The contrast with his public performances is striking. The electorate perceives him as a strong and confident leader. But in his party he is known as being too suspicious to build longstanding relations, even with his closest allies.
But the bottom line is that none of the scandals or inside reports have harmed his poll numbers or his reputation among supporters. So most political reporters have accepted that reality — and cover him by mainly running his quotes and tweets.
And Wilders gained a huge psychological victory when the editors of the country’s major news outlets invited him to a closed door session last September. Though some were rather critical of his media tactics, the overall message was quite clear: We’re eager to talk to you, despite the fact that you’ve refused to answer our questions for so many years.
The Wilders way
Not only did Wilders manage to shrink the left, he catalyzed its fragmentation.
A new pro-immigrant party emerged two years ago, after the left had internalized parts of Wilders’ criticism of Dutch immigration and integration policies. The governing Labor party had vowed to get tougher on immigrants who, in their eyes, failed to fully integrate in Dutch society. When two Labor MPs — both Muslim and of Turkish descent — disagreed, they were kicked out of the party.
[The Denk incident] confirmed what Dutch political analysts have seen happen for over a decade now: At the end of the day, things go Wilders’ way.
They founded Denk (“equal” or “balanced” in Turkish —and “think” in Dutch), a party that mirrors Wilders’ confrontational style. Where Wilders criticizes Muslims and immigrants for not acknowledging the supposed superiority of Western culture, Denk criticizes him for not acknowledging their contributions to Dutch society. Denk soon became a huge success in immigrant circles, where frustration with Wilders’ abrasive politics has been simmering for years.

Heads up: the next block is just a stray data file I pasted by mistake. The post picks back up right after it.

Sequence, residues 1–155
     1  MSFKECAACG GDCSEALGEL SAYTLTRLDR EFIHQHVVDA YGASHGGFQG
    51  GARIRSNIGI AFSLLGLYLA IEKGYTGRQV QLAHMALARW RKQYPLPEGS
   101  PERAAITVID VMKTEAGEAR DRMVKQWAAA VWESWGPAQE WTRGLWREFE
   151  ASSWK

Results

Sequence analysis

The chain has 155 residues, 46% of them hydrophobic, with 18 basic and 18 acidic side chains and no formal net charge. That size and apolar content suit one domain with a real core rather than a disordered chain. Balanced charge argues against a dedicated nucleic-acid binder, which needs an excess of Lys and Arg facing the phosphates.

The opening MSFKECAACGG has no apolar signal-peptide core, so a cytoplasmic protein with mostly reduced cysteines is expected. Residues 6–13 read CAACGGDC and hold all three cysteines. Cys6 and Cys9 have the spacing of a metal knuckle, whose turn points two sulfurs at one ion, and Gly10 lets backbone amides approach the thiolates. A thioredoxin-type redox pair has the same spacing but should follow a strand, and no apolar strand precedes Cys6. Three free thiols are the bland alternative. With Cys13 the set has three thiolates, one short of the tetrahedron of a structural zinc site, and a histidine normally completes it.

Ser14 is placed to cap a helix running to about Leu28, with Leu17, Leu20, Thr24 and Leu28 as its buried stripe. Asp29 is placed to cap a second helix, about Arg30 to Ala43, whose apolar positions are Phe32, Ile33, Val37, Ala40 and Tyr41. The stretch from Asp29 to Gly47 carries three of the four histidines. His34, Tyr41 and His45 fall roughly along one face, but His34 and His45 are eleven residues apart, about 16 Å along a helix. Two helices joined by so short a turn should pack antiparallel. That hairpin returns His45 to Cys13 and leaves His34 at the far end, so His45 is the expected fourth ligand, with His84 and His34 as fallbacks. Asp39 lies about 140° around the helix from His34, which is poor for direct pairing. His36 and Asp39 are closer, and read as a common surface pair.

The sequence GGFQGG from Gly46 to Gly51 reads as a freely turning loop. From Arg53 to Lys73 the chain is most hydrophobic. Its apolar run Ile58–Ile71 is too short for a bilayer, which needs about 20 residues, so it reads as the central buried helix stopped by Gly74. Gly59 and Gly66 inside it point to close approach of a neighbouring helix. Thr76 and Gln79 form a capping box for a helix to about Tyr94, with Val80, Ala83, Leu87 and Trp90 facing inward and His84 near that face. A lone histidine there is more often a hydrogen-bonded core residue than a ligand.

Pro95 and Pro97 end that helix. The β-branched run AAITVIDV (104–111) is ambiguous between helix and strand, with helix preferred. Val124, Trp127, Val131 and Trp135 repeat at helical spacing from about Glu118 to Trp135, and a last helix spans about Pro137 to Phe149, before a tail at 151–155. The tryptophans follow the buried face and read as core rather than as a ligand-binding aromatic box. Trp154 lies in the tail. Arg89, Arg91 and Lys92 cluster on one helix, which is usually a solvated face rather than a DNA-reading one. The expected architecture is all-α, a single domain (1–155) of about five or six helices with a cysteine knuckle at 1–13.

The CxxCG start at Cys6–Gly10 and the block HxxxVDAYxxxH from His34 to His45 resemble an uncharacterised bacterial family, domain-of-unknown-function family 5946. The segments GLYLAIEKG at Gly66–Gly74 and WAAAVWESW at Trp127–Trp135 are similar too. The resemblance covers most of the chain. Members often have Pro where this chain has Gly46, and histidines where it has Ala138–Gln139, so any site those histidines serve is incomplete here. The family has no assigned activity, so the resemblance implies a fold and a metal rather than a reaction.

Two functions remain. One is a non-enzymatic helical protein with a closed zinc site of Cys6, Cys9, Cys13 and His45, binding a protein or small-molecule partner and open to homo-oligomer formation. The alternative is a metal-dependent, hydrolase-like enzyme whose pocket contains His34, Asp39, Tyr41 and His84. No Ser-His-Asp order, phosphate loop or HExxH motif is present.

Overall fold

Denk attracted a TV personality with Latin American roots, Sylvana Simons, who soon became a leading figure in a toxic debate over Zwarte Piet (Black Peter), traditionally celebrated as Santa Claus’ servant on Saint Nicholas, a tradition widely perceived as racist. The debate pitted “traditionalist” Dutchmen against immigrants in a polarizing atmosphere, out of which both Denk and Wilders benefited politically.
Pollsters had predicted huge success for Denk. Then, in late December that year, news broke that Simons had left Denk and started a party of her own. A typical Dutch outcome — in a country where close to 30 parties will compete in elections — that shrinks the chances of both Denk and Simons’ new party.
The incident showed that the Netherlands’ immigrant population — and their supporters — are clearly susceptible to a party that mirrors the style and tactics of Wilders, setting the stage for further polarization and fragmentation in the future. And it confirmed what Dutch political analysts have seen happen for over a decade now: At the end of the day, things go Wilders’ way.
Tom-Jan Meeus is a political columnist for NRC Handelsblad. He was awarded best political writer of the Netherlands in 2015.